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Messages - OConnorScribe
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« on: July 30, 2008, 10:10:11 PM »
It comes down to this: Do you think you can get a job in the city straight out of Pace? I think you can with those metrics and law review ... perhaps STJ is more visible to city employers, but not if you make *yourself* visible to those firms. One thing to consider: the St. John's campus is just as crappy and commuterish as Pace's, though there is a gym up there somewhere. Besides, on a personal note, I've heard that the number of transferees in our class at Pace is pretty high (four that I know of personally, and I've heard the number is in the double digits), so what the heck -- leave and I'll have a better shot to getting back into the top third or better pronto. :-) Congrats, though, on having the opportunity to bail out.
« on: July 30, 2008, 10:30:03 AM »
Wow, that's a vitriolic post. But I think it's a fairly accurate assessment.
One of my professors, who is very good and whose tests are quite orthodox, nevertheless spent considerable class time lamenting the traditional law school system and telling us what skills were really important and what to expect in practice. Nevertheless, he had a good point: Case law and fact-pattern exams are probably the best way to teach students the actual law.
I will say this, though -- law schools, from what I've gathered thus far, do a poor job of stressing the importance of gaining practical experience, building real skills such as writing and oral advocacy and learning how to be genuinely resourceful in networking and selling one's self. They want you to lean on the school for everything, and they want you to buy the myth that if you can't solve the in-class riddles and do well sitting on your butt, then you're nothing. I honestly believe that some of this amounts to a fraud racket -- they care mostly about justifying the outrageous costs, marketing the brand name, and steering business to the various book publishers and study-aid sellers.
The shame is that most professors don't really buy into that and go out of their way to emphasize what's truly important; but the administrators in charge of fostering the law school culture are unconscionable idiots. Explains why they're administrators ... no one wants them in a courtroom or teaching more than one class a semester. Which in a lot of cases is one class too many.
« on: July 30, 2008, 10:15:45 AM »
Yeah, definitely fix the letter. Veteran attorneys have a hawk's eye for detail, and they will cross you off the list for the slightest deviation from meticulousness.
« on: July 25, 2008, 04:26:16 PM »
Yeah, your Mom ain't got nothing on Chicago, yo ...
« on: July 24, 2008, 03:56:49 PM »
Meant it to be a compliment. No faint praise here ... :-)
« on: July 24, 2008, 01:51:48 PM »
Dude, Buffalo is not that small ... it's one of the 15 biggest cities in the country ... or something like that. Maybe that's the metro area, though. Even so, it's a major area. You were in Amherst, which is on the line with Buffalo proper and yes, is pretty blah (I'm from Syracuse right off of the university campus, so I know the feeling.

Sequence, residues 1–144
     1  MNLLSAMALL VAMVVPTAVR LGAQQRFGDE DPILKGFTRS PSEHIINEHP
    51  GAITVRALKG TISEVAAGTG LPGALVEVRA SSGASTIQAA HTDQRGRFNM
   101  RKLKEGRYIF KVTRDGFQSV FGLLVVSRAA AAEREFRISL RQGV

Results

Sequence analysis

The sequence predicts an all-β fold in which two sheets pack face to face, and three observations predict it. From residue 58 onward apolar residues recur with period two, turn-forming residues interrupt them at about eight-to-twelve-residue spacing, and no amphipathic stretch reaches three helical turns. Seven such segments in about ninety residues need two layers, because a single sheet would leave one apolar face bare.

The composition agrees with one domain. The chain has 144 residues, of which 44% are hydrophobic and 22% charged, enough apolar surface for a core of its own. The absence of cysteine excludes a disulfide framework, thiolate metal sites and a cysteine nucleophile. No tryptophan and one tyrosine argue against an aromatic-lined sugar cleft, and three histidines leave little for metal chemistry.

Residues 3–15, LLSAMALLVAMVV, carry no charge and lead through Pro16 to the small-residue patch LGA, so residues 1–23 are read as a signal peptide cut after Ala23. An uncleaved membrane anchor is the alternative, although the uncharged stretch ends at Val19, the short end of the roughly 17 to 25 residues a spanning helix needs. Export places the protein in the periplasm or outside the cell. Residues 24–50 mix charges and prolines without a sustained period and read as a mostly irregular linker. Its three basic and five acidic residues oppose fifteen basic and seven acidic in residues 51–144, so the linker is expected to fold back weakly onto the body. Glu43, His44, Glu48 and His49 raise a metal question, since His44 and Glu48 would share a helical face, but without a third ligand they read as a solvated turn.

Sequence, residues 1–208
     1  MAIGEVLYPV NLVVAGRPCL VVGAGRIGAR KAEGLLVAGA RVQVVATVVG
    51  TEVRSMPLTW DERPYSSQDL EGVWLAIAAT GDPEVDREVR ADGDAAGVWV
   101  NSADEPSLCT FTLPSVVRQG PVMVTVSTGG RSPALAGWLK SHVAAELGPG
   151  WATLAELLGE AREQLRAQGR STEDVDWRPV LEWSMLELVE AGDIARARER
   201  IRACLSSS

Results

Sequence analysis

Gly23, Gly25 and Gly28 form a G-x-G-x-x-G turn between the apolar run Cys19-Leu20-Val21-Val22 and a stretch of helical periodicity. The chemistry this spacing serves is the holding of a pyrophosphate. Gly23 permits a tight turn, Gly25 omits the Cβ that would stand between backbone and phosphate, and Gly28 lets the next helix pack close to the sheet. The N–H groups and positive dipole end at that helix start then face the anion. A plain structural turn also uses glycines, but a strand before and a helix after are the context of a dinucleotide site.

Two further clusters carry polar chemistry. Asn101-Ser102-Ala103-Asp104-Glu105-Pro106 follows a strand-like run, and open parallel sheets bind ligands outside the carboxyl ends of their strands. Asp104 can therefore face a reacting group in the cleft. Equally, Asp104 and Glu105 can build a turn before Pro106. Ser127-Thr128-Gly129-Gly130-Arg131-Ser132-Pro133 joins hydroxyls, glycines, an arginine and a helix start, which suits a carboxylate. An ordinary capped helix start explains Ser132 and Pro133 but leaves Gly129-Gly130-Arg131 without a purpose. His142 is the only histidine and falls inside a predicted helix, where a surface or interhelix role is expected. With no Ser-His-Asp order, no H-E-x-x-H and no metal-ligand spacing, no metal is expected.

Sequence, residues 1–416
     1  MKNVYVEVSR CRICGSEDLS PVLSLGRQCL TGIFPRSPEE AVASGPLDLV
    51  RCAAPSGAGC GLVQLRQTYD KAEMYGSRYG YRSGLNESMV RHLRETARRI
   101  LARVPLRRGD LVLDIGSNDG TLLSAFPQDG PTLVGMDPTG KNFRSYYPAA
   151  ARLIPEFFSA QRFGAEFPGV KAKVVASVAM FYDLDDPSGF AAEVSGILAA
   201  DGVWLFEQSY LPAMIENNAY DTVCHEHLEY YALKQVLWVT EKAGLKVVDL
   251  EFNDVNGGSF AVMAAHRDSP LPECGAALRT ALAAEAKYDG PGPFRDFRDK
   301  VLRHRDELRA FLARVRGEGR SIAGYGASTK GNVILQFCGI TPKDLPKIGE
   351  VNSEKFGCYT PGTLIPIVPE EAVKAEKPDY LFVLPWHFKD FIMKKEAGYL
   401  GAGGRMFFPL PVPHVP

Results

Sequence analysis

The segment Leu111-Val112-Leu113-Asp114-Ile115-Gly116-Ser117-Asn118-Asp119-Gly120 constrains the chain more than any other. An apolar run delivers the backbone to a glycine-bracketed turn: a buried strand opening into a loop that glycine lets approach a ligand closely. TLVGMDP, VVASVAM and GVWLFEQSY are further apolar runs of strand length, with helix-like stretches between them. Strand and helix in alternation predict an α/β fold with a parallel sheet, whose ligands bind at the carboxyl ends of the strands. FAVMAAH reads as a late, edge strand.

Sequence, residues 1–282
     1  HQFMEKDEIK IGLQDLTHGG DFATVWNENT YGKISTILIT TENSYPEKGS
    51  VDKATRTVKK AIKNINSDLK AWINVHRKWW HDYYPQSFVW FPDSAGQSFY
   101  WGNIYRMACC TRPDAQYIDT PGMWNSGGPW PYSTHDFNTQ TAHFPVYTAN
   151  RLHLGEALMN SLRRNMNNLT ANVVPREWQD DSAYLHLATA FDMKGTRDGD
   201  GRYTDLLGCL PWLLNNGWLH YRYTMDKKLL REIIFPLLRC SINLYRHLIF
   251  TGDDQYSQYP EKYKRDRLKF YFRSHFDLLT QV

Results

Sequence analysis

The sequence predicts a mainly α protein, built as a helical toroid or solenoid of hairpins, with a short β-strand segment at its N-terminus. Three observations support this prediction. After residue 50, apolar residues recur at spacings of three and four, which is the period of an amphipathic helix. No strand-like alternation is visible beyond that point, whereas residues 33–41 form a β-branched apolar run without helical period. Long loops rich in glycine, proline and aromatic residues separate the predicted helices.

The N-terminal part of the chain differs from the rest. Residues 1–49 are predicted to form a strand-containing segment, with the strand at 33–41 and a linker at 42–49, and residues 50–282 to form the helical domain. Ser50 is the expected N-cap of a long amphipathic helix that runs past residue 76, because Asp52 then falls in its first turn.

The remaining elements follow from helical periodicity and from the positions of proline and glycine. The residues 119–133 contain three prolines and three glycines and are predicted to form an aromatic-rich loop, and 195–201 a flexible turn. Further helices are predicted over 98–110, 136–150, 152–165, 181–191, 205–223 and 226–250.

That said, you should have applied to George Mason or one of the schools right in D.C. if a smaller scale caused you to suffer from Cabin Fever. I agree with other posters here, I'm not sure you'll be any better off at W&L, even if you would come out of there very competitive for city jobs.
« on: July 24, 2008, 01:41:53 PM »
Non parata est will make a great plaintiff's lawyer ... why not call someone to the carpet over the little details? I have no problem with that.
Besides, I expect as much obnoxiousness as possible on this board. Part of its appeal, ain't it? :-)
« on: July 24, 2008, 01:39:12 PM »
Guess I should have clarified ... one space is the standard in modern-day publishing and journalism.That's the industry I was referring to. Law firms do tend to be pedantic as heck, though, so perhaps I shouldn;t be surprised that they go olde English. :-)
The one space assertion has nothing to do with want. Just relaying the rule I worked under for YEARS in my former life.
« on: July 22, 2008, 01:36:47 AM »
Any takers on this one?
« on: July 22, 2008, 01:35:21 AM »
Anyone know the lay of the land in Brazil? I'm specifically interested in copyright and licensing, and in general IP litigation, including patent infringement.
I've been researching the growth of English in world markets -- and the concurrent growth of the BRIC world -- all summer for a major e-commerce and business-methods player working on a major new international Web launch. The experience has me convinced that I'd be foolish not to consider casting my gaze internationally.
So I'm wondering if any regular posters could point me in a direction as I research. Thanks.
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